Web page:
Anti-Chinese protests and violence continued Tuesday in Tibet. The Chinese government blamed the exiled Dalai Lama for the violence. Lindsey Hilsum of Independent Television News reports on the situation in Tibet.
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Next, China's crackdown in Tibet. We have an update from Lindsey Hilsum of Independent Television News. She reports from Beijing.
LINDSEY HILSUM, ITV News correspondent: Traditional Tibetan Buddhist greetings for those the Chinese authorities see as the saviors of the hour. Tibetan television tonight showed the soldiers and riot police who put down the protests.
Lhasa appears to be effectively under martial law. The government won't admit that, but eyewitnesses say that soldiers rule the streets. They're clearing up both the debris and those accused of instigating violence.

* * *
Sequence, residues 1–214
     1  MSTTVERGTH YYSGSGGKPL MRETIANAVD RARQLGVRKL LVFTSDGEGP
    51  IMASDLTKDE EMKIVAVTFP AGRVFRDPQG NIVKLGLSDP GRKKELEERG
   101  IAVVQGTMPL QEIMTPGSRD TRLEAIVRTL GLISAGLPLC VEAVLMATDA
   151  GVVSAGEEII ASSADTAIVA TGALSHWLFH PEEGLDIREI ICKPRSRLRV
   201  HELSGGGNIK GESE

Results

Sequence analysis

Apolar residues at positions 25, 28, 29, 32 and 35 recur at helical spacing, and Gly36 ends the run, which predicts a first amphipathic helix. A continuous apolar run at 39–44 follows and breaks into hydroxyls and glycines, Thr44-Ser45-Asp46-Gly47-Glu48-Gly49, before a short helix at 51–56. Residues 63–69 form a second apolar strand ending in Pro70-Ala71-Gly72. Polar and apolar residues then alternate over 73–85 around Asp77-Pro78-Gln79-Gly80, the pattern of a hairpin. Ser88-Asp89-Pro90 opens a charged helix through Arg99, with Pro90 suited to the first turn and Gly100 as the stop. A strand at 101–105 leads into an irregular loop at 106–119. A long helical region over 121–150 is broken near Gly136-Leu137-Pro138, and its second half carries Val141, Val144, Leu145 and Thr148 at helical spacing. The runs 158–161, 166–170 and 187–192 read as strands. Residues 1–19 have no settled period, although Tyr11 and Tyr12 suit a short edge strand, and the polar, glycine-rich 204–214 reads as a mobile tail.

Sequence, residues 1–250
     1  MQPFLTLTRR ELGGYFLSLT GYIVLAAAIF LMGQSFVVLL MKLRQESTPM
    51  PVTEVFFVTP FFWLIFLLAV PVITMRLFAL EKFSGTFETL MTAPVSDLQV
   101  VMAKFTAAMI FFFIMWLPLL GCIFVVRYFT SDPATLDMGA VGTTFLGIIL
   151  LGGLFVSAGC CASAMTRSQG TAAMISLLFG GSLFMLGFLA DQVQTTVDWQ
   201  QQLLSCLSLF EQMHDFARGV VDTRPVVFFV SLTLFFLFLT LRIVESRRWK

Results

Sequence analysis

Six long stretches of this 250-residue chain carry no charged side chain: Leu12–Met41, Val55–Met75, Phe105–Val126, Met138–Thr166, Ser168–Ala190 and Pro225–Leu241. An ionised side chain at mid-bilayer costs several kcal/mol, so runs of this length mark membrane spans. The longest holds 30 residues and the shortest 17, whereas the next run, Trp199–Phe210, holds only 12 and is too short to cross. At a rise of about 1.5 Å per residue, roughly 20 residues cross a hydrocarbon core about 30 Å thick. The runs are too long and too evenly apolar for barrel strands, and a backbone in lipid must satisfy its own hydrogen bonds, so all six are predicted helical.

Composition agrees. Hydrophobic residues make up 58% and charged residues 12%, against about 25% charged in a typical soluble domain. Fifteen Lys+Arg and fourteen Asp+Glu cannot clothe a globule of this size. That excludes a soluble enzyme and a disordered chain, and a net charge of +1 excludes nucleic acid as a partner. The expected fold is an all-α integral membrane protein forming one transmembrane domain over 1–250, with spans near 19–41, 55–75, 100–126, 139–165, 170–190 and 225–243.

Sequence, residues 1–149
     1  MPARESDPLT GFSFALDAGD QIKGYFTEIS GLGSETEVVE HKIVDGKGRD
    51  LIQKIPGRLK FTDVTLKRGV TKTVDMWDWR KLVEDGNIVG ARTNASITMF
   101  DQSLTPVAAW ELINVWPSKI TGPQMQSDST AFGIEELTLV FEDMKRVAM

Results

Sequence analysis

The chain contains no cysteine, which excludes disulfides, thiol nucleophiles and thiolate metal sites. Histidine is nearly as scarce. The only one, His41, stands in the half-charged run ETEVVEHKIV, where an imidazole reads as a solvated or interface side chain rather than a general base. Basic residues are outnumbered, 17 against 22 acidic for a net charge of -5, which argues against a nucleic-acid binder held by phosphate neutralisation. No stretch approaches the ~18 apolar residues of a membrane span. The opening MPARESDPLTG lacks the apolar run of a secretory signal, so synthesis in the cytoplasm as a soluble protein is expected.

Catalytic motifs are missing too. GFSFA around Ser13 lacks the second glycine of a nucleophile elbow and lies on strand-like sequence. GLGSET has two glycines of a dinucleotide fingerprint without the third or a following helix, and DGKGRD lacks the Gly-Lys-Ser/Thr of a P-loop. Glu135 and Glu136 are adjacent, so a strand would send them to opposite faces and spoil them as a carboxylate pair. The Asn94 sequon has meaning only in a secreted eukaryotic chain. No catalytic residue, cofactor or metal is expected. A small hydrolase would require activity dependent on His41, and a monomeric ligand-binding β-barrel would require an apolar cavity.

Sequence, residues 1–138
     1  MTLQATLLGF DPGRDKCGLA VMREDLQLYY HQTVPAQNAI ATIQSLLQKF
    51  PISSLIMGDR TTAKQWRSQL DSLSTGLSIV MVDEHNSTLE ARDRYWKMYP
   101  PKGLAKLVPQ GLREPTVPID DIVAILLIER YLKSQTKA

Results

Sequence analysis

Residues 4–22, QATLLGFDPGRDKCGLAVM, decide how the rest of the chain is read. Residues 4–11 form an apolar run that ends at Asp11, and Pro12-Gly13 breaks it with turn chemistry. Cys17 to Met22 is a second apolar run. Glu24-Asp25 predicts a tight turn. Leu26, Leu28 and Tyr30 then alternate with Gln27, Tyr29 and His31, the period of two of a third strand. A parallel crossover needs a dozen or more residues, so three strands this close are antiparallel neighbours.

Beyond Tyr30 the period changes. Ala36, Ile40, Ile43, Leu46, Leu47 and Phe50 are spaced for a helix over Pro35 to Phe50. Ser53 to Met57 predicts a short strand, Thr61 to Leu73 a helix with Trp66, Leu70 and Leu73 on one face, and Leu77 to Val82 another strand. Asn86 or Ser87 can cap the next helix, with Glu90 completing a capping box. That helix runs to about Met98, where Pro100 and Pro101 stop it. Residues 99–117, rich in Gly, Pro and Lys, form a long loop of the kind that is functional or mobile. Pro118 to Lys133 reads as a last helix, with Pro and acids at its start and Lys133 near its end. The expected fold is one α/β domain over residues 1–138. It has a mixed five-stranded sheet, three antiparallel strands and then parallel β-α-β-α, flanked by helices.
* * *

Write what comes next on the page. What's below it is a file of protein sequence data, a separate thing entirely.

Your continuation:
Tibet's civilian leadership is trying to bring things back to normal.
DUO JIZEREM, deputy mayor of Tibet (through translator): Our next step is to prepare enough materials to provide for the people. Because Tibet is in an unusual period now, we should make sure goods are enough and residents can live a calm life. The other step is to take determined methods to capture the primary suspects.
Today in Beijing, Prime Minister Wen Jiabao blamed it all on the old enemy, the Dalai Lama.
WEN JIABAO, premier of China (through translator): We have ample facts and plenty of evidence that the incident was organized, masterminded and incited by the Dalai Lama clique. The protesters want to incite a sabotage on the Olympics in order to achieve their unspeakable goal.